The Heartbeat of the School

Last week I was at ALA in the humongous conference center in New Orleans! Always a great event. Although the conference center was so very large, that I didn’t see many folks from NC. I wouldn’t have even known they were there except for Facebook.

One of the highlights of the trip was the AASL Awards Ceremony. We got to meet our Daria_009digital leaders, grant winners, and librarians of the year. This year, the AASL Distinguished School Administrator award went to Mike Daria, Superintendent of Tuscaloosa City Schools.

Dr. Daria understands the value of school libraries to the culture of classes, schools, and districts at a level that is rarely seen. Please read what he says in a recent edition of Knowledge Quest. I talked with him for a few minutes after the awards ceremony. I repeated what he already knew – that so many in the upper ranks of education have no idea what a difference a good librarian can make in a school. He told me that he didn’t either, until he listened to what school librarians had to say.

Here is what I know today. We must continue to fund libraries at high levels in our schools. Libraries can be the greatest strategy in bringing equity through access to our schools and students if they are funded appropriately.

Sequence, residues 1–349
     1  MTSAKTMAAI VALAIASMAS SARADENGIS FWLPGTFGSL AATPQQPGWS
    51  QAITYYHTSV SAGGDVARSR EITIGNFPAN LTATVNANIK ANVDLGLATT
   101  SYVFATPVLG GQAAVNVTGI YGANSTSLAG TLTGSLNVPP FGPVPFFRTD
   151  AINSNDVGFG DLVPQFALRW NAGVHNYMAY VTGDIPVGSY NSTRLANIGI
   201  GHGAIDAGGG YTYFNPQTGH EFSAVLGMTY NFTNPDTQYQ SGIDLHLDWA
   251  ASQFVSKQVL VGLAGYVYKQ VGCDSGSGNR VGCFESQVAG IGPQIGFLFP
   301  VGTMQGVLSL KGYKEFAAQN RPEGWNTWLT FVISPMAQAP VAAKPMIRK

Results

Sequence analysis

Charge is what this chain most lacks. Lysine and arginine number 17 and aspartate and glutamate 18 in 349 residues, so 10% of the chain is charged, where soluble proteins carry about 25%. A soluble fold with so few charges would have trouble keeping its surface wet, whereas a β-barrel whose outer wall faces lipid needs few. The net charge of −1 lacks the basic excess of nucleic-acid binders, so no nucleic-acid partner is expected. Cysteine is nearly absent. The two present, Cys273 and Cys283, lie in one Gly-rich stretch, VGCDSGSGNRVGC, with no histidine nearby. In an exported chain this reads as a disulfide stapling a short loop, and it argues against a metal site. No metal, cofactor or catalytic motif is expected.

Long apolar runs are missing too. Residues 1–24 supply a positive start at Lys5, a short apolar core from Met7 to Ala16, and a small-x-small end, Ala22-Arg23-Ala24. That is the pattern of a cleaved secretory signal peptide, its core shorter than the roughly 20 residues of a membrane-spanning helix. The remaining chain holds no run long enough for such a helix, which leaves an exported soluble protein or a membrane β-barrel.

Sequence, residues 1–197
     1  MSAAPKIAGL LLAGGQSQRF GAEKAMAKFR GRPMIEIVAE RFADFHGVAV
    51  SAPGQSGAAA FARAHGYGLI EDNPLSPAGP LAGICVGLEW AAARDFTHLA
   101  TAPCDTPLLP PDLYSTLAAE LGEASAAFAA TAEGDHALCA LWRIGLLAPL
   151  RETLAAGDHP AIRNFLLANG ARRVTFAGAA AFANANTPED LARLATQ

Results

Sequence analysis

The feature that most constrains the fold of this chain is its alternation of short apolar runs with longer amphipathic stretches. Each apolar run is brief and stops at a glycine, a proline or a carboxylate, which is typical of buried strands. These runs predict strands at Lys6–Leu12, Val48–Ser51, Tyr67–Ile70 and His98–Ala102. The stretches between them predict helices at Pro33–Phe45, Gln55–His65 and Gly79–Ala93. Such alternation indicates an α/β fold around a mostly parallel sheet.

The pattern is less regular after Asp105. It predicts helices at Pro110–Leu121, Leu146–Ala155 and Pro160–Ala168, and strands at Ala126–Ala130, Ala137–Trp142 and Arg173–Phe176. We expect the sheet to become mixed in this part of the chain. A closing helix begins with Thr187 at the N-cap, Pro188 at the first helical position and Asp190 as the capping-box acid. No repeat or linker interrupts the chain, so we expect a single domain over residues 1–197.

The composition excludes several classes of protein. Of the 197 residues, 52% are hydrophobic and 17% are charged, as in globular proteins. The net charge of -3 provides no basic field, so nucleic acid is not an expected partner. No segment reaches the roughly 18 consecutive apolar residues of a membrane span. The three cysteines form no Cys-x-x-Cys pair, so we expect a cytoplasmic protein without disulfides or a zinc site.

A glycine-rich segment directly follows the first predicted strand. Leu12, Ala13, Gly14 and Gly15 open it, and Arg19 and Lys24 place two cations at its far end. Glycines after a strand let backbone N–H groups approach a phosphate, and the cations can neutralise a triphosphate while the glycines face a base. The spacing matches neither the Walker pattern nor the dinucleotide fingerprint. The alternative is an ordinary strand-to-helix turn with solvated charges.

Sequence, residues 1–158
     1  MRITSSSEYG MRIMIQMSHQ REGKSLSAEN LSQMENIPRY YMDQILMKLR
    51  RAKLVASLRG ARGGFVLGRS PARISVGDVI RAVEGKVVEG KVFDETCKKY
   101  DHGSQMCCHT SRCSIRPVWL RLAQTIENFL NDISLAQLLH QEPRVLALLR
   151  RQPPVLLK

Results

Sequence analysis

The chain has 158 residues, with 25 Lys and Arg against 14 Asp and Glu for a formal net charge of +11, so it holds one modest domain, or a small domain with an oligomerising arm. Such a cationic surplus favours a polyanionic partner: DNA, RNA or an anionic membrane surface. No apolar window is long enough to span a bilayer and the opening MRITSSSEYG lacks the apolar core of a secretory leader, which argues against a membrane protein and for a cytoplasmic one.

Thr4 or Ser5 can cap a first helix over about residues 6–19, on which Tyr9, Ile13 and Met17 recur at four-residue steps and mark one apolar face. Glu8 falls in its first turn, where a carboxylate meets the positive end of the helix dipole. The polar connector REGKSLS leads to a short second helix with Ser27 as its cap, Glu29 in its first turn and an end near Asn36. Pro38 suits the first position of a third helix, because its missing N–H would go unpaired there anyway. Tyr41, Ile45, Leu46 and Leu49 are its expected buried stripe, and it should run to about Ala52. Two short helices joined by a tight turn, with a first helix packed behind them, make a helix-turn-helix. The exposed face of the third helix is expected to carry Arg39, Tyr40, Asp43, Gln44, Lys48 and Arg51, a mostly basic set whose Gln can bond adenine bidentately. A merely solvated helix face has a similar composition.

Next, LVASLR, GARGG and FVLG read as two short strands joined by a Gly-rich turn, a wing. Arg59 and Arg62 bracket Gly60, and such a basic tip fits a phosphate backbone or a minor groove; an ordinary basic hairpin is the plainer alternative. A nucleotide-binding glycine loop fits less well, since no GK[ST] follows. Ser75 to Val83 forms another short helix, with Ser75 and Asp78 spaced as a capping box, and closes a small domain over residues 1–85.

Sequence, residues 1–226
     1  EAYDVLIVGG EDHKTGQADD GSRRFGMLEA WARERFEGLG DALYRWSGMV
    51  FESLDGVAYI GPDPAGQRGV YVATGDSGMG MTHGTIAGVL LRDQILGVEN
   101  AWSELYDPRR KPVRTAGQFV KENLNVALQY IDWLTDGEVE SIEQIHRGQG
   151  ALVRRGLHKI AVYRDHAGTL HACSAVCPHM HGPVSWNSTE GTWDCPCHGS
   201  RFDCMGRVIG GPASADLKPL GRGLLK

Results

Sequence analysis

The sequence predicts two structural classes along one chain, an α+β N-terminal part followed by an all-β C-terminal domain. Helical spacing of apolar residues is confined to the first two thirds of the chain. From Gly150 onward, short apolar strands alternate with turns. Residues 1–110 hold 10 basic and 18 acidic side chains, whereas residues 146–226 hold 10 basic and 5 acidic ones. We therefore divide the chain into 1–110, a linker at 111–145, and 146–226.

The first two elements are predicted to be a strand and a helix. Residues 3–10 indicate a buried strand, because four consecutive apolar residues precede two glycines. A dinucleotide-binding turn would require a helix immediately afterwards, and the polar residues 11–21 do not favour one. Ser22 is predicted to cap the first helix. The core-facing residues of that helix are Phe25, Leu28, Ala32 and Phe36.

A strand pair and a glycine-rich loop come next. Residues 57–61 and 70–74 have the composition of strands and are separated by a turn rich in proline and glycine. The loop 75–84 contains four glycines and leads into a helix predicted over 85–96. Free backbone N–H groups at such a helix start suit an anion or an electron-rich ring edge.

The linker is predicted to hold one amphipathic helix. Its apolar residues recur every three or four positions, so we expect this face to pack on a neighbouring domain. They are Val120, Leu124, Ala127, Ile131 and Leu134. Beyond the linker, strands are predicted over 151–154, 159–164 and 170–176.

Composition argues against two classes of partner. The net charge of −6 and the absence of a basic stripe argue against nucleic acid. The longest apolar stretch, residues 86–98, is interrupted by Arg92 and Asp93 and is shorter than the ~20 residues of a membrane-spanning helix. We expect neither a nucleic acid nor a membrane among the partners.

Yes! Someone in authority who gets school libraries!

Most of us are underfunded, expected to teach a full slate of classes, and do all our library duties on the side. Many have no assistants, no budget, no time. Librarians are being replaced in many schools by an assistant, or worse (as if that wasn’t bad enough!) libraries of books are being redistributed to classrooms so the library can be remodeled into some other type of space.

I want Dr. Daria’s message to be heard by his peers across the country! I want them to make a decision to rise to his challenge! The reality is that many just will not listen. Or maybe it’s not so much that they won’t listen but they are just too busy for the written or spoken word. Maybe they need personal evidence to make his words resonate with them.

This puts the onus of school library advocacy right back squarely on the shoulders of school librarians. We can talk all we want, but we need to show our staffs, schools, districts, and states the difference school librarians and libraries make in the lives of students. We need to highlight the successes and examine the failures. We need to get loud and figure out the best ways to share and provide the evidence of the value school libraries provide!

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